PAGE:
Legislative efforts to curtail local environmental rules faltered


Bills to overturn single-use bag bans and tree ordinances fail to get traction.

Feral hog bait study bill, a measure supported by environmentalists, also dies.

Five months ago, conservative lawmakers had high hopes of loosening environmental regulations, especially those enacted by progressive-minded cities like Austin.

In the 2015 legislative session, lawmakers passed a measure overriding the city of Denton’s voter-approved ban on hydraulic fracturing, a type of gas drilling. This year, conservative Republicans had bag bans and tree ordinances in their sights.

But as the Legislature wrapped up its biennial confab on Monday, the committee room floors were littered with conservative-minded bills that never made it anywhere. Two bills that would have targeted Austin and some other Central Texas cities were:

Senate Bill 103, which would have barred a city from regulating bags offered at retail checkout counters. The measure, filed by Sen. Bob Hall, R-Rockwall, who won election as part of a tea party wave in 2014, authorizes a business to provide a bag “made from any material” at the point of sale. It never came up for a vote in committee.

SB 782, by Sen. Donna Campbell, R-New Braunfels, would have limited the mitigation fee that a local government can impose on a landowner for removing trees greater than 10 inches in girth. Testimony was not taken, let alone a committee vote.

It could be that the action taken on fracking in 2015 left lawmakers less likely to take action this time around. That activity “sucked up most of the air and energy around pre-emption,” said Robin Schneider of Texas Campaign for the Environment.

In a modest victory for environmentalists, House Bill 3482, by Rep. Gina Hinojosa, D-Austin, a bill that clarifies that local governments can pass single-use bag ordinances, was approved by the House Urban Affairs Committee. It didn’t progress further, however.

Legislation targeting bag bans failed to gain traction for at least the third session in a row, suggesting lawmakers are more likely to tackle local control issues if deep-pocketed industries are involved — such as oil and gas or ride-hailing service companies Uber and Lyft — or if it’s a hot-button issue — such as transgender bathroom use or “sanctuary city” policies.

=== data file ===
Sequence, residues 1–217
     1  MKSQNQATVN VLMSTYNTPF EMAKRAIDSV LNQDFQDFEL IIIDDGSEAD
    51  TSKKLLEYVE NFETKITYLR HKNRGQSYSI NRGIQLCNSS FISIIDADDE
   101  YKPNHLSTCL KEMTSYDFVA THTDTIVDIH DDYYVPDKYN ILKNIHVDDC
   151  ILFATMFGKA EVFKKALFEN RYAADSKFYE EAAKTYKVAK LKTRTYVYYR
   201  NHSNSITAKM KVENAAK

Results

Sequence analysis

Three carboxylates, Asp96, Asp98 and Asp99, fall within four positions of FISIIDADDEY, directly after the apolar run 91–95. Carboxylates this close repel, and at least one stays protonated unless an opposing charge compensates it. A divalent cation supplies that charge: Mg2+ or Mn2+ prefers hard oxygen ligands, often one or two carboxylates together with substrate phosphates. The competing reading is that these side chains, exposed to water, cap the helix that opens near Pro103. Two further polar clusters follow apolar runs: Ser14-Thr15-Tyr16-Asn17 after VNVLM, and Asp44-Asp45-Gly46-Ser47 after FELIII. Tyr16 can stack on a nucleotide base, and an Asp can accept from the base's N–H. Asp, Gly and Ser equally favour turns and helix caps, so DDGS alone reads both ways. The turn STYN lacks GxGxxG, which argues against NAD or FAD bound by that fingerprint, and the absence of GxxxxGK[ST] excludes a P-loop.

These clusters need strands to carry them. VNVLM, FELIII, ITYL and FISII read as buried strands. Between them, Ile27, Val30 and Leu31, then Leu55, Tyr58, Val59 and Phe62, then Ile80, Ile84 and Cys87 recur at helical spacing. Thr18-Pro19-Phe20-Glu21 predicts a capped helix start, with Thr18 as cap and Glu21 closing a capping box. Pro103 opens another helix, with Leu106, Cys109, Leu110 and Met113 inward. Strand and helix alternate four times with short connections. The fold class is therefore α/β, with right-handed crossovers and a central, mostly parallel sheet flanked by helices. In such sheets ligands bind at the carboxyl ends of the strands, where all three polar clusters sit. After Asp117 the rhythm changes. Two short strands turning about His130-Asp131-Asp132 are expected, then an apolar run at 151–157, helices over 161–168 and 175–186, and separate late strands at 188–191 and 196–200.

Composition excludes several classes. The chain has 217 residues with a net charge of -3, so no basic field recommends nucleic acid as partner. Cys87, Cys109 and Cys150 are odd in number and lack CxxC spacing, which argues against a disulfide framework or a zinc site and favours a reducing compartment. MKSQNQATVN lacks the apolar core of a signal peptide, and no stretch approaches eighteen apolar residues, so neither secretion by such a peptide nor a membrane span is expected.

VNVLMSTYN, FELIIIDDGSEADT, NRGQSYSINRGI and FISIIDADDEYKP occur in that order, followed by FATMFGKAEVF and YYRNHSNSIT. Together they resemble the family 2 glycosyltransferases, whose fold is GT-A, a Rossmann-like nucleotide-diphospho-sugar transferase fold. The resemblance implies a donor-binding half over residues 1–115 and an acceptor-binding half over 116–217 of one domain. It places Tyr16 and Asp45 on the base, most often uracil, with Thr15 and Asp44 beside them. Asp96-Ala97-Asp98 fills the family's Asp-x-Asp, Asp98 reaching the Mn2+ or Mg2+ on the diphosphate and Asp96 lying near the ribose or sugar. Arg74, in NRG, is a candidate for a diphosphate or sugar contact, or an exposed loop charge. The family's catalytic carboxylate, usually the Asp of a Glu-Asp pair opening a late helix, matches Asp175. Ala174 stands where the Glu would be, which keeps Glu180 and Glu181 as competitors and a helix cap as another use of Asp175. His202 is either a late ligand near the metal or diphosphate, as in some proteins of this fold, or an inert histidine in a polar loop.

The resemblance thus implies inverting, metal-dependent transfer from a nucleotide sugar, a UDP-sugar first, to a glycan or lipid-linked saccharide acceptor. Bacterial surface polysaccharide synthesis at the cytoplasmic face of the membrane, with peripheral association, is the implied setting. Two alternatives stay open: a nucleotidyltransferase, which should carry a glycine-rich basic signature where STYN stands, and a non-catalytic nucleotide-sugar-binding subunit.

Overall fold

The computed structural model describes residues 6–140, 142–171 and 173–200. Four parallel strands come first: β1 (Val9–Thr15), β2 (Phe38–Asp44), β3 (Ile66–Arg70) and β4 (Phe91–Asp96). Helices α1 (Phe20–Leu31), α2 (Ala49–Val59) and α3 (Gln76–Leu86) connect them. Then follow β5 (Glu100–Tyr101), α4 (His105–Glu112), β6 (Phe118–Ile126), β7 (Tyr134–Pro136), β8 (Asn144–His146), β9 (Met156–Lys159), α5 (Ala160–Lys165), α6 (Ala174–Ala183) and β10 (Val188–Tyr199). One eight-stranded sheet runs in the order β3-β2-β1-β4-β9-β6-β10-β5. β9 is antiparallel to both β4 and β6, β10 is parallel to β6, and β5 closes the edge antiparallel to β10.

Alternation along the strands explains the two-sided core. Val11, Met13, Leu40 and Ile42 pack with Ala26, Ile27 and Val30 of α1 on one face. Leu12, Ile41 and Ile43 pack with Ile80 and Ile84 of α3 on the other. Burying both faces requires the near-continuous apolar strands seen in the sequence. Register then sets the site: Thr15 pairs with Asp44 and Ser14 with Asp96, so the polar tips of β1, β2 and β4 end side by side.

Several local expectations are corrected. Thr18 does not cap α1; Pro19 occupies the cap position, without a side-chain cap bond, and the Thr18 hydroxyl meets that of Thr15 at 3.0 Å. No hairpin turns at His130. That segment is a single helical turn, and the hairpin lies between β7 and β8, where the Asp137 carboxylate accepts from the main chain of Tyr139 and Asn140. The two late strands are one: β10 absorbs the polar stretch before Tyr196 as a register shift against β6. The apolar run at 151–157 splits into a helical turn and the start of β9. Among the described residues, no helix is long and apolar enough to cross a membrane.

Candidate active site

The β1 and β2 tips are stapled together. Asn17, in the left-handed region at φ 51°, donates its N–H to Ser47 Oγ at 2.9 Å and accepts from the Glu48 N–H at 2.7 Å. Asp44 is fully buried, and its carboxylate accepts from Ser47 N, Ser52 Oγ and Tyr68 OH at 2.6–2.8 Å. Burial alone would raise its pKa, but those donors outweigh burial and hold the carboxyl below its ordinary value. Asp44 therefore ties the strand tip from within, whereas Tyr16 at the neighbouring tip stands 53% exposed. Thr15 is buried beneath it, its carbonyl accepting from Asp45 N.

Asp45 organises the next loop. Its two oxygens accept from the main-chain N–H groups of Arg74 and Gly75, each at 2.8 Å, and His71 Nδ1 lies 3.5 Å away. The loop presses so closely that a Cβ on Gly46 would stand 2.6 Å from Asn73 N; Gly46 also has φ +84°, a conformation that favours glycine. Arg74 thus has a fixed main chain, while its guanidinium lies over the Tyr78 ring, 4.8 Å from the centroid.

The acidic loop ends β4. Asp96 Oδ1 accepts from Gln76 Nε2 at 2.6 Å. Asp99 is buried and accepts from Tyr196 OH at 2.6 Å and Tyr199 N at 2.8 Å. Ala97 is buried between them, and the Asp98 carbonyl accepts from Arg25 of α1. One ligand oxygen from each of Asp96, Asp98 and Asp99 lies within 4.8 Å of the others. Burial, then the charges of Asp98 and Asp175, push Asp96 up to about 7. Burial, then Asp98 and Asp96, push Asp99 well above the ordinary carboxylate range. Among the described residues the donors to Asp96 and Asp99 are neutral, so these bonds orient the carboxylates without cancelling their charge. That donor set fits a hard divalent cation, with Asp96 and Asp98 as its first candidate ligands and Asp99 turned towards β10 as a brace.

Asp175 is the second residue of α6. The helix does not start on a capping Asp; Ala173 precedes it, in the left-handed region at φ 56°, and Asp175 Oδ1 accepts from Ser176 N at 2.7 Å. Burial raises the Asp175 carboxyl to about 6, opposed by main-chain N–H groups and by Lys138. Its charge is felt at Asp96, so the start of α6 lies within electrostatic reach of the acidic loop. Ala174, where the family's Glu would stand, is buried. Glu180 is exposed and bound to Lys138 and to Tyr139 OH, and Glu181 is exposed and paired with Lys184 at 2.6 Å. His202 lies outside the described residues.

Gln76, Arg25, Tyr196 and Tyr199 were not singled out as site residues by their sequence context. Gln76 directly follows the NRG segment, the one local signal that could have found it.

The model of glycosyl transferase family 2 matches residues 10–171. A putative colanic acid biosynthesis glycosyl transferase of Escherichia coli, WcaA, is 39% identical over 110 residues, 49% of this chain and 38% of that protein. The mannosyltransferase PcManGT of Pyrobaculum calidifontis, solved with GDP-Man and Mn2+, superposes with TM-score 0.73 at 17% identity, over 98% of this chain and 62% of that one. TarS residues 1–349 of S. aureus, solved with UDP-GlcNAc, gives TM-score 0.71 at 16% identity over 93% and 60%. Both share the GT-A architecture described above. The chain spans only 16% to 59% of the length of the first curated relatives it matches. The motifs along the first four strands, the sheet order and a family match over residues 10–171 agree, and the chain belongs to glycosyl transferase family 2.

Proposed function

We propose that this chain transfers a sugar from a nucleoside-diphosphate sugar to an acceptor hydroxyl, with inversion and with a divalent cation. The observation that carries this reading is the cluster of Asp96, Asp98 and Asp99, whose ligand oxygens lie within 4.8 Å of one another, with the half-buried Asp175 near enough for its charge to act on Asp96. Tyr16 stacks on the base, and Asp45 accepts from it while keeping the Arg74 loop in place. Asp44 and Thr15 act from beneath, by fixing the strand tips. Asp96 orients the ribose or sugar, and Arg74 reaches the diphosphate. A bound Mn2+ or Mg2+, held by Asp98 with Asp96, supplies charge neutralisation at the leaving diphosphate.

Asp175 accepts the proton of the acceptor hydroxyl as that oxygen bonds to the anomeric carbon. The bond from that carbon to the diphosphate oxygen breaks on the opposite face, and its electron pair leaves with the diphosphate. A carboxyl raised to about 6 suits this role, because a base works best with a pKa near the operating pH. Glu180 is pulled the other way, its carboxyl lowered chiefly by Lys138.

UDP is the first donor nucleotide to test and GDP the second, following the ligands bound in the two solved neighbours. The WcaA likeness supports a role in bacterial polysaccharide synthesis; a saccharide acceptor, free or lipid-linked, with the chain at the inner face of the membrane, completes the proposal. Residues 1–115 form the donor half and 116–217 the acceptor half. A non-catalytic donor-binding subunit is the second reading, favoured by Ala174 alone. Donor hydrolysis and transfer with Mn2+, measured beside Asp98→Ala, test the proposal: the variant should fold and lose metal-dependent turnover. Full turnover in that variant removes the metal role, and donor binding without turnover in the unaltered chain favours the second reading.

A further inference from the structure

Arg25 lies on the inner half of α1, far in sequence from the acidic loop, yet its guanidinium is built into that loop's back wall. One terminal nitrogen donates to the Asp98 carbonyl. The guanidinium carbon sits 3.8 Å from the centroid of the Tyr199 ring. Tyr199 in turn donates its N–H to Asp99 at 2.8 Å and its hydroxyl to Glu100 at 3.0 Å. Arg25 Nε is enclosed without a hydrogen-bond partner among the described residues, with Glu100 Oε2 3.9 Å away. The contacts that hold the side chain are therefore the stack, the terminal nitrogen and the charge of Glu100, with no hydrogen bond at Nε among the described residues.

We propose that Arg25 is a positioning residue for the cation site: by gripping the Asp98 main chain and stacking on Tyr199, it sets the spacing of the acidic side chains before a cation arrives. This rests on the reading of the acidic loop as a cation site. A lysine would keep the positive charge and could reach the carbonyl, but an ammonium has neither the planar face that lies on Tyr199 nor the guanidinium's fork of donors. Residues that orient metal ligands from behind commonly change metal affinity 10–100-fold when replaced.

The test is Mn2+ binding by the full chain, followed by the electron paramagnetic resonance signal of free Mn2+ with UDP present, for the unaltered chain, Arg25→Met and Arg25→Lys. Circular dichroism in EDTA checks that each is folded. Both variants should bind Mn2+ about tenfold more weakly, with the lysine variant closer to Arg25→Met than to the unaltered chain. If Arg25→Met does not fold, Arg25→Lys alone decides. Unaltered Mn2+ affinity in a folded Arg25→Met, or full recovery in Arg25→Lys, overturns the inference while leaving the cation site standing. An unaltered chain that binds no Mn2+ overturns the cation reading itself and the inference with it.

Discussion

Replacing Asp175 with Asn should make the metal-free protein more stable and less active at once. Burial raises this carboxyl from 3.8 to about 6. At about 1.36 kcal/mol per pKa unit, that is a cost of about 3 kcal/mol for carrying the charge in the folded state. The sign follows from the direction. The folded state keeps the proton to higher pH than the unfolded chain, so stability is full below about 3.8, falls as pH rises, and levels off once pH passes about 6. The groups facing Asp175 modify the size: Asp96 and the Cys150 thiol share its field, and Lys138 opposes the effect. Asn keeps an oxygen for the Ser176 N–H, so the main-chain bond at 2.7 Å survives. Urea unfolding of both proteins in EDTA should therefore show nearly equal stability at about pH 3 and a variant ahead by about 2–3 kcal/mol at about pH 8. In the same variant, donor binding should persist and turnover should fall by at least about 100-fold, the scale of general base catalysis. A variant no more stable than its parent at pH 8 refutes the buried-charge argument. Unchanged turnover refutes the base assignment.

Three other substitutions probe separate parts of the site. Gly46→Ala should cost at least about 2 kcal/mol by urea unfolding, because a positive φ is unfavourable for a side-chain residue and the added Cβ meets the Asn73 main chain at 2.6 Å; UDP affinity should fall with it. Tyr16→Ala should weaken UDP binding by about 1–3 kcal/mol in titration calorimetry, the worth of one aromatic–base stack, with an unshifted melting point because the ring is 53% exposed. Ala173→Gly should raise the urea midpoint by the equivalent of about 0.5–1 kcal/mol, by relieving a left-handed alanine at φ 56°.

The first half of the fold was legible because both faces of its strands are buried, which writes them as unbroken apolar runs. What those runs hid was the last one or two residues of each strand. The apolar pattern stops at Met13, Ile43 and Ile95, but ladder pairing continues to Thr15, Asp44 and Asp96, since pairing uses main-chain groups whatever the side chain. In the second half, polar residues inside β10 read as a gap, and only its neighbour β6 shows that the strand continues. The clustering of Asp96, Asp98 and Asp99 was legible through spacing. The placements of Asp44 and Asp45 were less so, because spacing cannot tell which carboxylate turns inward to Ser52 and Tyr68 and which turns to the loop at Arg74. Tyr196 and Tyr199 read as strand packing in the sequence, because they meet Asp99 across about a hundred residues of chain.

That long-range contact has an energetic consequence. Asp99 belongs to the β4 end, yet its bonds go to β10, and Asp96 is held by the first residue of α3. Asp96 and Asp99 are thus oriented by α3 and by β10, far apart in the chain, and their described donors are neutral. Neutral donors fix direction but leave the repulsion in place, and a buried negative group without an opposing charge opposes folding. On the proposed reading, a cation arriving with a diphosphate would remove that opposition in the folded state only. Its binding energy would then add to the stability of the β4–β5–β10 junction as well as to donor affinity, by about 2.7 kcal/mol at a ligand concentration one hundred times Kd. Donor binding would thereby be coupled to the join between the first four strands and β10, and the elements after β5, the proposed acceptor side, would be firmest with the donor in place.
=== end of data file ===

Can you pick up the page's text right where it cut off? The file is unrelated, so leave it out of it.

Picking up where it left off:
Here’s a roundup of other environmental bills and their fates:

• A measure that would have protected ExxonMobil in an ongoing dispute about whether it had misled investors on the dangers of climate change wasn’t given a committee hearing. HB 420, by Rep. James White, R-Hillister, would have barred a defendant’s theories on climate change from being used as evidence in a fraud or deceptive practice case.

• A series of bills that appeared designed to water down oversight on groundwater pumping in the Hill Country — and to help a politically connected property owner — were essentially shelved after the American-Statesman shed light on them.

HB 2802 would have repealed a law subjecting the Lower Colorado River Authority and a host of other river authorities to sunset review. River authorities said the reviews are costly; critics of the authorities said the reviews are necessary for the purpose of transparency. It passed the House but died in the Senate.

HB 3451 by Rep. Lynn Stucky, R-Sanger, would have required a study on the impact of poison proposed for use on feral hogs before its use is allowed. The bill was prompted by a backlash to Texas Agriculture Commissioner Sid Miller’s pronouncement in February that a new bait would hasten the “feral hog apocalypse.” An unusual coalition of hunters and environmentalists coalesced, worried the bait, which was laced with warfarin — used as rat poison and as a blood thinner in humans — could jeopardize wildlife. The measure passed the House but was left pending in a Senate committee.

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